To establish conditions under which elected officials will be able to respond to the public interest, to the genuine needs of all citizens, and to their own consciences requires that the role of private money in public life be reduced as much as possible. All candidates should receive some public support, as presidential candidates already do, as well as some access to radio and TV.
To achieve this major renewal and revitalization of public life, to reinstitute the prerequisites for attending to the public interest, requires a major social movement, akin to the progressive movement of the beginning of the century. For even good causes can become special interests if they are not part of such a movement, keeping their strategies and aims in constant dialogue with larger aims and multiple ends. Citizens who care about the integrity of the polity either on the local, state, or national level, should band with their fellows to form a neo-progressive communitarian movement. They should persevere until elected officials are beholden–not to special interests–but only to the voters and to their own consciences.
Freedom of Speech
The First Amendment is as dear to communitarians as it is to libertarians and many other Americans. Suggestions that it should be curbed to bar verbal expressions of racism, sexism, and other slurs seem to us to endanger the essence of the First Amendment, which is most needed when what some people say is disconcerting to some others. However, one should not ignore the victims of such abuse. Whenever individuals or members of a group are harassed, many non-legal measures are appropriate to express disapproval of hateful expressions and to promote tolerance among the members of the polity. For example, a college campus faced with a rash of incidents indicating bigotry, may conduct a teach-in on intergroup understanding. This, and much more, can be done without compromising the First Amendment. . . .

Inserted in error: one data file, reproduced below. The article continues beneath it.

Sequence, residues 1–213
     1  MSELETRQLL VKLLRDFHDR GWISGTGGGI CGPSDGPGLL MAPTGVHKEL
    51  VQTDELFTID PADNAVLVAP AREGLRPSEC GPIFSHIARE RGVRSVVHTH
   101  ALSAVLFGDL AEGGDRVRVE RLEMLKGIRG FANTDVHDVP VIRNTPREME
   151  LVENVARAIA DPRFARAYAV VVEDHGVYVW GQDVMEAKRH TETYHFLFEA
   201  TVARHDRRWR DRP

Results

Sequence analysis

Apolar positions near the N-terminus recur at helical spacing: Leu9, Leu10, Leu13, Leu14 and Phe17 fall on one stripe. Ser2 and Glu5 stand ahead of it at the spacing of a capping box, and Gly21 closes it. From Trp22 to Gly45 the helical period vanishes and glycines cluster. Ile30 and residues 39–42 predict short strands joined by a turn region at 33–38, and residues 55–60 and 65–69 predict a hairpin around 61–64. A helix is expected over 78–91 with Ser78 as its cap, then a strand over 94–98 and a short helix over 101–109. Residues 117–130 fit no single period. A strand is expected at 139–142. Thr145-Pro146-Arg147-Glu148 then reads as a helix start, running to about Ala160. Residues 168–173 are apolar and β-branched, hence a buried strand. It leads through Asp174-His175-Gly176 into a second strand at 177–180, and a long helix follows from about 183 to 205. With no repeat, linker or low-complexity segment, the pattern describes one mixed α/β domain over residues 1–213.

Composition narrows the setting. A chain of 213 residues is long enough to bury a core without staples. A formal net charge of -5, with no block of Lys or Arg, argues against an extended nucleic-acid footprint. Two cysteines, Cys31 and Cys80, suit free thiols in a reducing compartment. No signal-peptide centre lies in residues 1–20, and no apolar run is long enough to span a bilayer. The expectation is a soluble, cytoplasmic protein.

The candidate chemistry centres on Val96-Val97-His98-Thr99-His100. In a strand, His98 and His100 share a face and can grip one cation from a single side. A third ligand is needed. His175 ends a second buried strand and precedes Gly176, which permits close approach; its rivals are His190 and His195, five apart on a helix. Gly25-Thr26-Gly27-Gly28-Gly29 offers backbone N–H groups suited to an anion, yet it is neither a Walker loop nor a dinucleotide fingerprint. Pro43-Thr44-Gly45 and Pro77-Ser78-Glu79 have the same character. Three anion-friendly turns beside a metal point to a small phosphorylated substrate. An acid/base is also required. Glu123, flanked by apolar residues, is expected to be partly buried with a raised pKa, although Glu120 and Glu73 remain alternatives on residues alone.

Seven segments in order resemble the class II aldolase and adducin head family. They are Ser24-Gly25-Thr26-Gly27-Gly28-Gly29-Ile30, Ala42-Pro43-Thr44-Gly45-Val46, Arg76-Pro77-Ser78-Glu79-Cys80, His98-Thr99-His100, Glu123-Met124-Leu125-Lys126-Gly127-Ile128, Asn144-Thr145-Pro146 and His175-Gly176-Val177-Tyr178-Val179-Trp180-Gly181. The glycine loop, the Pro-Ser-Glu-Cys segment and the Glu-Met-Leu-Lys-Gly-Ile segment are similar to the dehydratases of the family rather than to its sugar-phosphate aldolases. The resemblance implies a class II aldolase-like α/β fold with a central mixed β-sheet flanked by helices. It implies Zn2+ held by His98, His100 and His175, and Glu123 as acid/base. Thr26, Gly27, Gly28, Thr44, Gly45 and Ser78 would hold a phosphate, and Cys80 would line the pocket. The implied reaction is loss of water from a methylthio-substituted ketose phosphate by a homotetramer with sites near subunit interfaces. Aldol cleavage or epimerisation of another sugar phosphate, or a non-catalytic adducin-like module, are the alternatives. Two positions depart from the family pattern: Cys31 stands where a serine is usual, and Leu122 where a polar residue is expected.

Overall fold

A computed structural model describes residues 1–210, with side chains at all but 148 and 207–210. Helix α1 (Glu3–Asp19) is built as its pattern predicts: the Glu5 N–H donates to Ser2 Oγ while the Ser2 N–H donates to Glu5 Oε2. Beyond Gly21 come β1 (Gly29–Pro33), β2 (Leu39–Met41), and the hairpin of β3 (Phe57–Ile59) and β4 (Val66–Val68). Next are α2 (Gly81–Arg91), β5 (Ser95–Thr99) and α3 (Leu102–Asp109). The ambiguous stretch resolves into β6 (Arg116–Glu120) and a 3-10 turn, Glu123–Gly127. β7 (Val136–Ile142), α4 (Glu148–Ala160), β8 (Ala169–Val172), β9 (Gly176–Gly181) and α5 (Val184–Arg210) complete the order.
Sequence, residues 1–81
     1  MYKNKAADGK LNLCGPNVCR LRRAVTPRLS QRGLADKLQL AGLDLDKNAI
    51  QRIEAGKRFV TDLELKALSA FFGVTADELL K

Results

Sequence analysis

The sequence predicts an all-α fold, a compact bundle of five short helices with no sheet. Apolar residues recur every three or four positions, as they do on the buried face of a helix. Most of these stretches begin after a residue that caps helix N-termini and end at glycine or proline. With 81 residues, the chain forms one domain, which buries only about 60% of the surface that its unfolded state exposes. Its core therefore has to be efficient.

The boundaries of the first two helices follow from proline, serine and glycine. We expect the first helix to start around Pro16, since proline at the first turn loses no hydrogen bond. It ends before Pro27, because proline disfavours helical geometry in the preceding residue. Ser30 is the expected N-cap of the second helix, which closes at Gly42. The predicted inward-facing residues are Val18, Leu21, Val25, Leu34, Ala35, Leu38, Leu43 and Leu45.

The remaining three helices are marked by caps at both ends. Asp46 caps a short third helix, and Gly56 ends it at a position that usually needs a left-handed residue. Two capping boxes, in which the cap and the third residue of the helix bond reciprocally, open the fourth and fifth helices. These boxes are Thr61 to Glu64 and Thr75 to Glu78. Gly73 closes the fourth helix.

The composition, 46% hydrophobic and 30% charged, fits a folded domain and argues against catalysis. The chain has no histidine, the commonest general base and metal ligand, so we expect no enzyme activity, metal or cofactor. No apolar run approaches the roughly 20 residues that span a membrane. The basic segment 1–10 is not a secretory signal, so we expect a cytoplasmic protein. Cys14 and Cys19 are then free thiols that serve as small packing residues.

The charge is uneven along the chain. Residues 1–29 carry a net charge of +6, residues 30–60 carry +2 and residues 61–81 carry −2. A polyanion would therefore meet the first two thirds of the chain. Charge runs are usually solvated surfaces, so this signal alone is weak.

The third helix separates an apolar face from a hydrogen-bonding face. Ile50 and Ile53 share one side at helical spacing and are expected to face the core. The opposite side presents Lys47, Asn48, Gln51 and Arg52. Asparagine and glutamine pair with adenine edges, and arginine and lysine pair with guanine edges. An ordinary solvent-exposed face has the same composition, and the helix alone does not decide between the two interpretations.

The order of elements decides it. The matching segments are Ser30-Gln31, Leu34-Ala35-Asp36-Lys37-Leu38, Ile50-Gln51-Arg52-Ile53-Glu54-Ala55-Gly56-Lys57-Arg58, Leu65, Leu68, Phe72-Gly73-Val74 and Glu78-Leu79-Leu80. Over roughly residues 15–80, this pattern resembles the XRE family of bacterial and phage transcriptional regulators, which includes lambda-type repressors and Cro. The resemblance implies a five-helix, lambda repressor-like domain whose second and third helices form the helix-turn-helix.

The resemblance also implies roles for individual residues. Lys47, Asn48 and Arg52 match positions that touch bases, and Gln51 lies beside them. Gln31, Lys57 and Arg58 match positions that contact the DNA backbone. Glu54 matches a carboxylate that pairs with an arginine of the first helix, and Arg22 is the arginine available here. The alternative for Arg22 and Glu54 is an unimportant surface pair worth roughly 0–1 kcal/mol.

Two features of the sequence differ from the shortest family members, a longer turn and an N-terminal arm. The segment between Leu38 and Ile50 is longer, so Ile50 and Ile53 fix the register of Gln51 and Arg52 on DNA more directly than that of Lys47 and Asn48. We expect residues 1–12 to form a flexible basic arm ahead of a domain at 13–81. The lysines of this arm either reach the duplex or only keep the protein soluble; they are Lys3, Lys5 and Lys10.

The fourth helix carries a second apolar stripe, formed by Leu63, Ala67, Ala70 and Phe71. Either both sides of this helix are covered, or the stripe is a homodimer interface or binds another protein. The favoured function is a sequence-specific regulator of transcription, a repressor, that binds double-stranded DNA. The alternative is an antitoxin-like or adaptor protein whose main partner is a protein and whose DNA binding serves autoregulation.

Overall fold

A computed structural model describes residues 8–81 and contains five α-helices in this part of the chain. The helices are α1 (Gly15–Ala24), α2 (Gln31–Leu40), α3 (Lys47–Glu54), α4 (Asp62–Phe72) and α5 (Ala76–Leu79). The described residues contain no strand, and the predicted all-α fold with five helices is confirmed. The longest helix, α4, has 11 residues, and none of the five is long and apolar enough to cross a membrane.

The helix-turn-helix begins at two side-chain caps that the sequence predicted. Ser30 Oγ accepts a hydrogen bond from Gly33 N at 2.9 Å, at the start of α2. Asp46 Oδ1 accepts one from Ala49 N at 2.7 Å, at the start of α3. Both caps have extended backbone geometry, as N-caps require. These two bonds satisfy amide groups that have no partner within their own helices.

At the heart of the communitarian understanding of social justice is the idea of reciprocity: each member of the community owes something to all the rest, and the community owes something to each of its members. Justice requires responsible individuals in a responsive community.
Members of the community have a responsibility, to the greatest extent possible, to provide for themselves and their families: honorable work contributes to the commonwealth and to the community’s ability to fulfill its essential tasks. Beyond self-support, individuals have a responsibility for the material and moral well-being of others. This does not mean heroic self- sacrifice; it means the constant self-awareness that no one of us is an island unaffected by the fate of others.
For its part, the community is responsible for protecting each of us against catastrophe, natural or man-made; for ensuring the basic needs of all who genuinely cannot provide for themselves; for appropriately recognizing the distinctive contributions of individuals to the community; and for safeguarding a zone within which individuals may define their own lives through free exchange and choice. . . .
Public Safety and Public Health
The American moral and legal tradition has always acknowledged the need to balance individual rights with the need to protect the safety and health of the public. The Fourth Amendment, for example, guards against unreasonable searches but allows for reasonable ones. . . .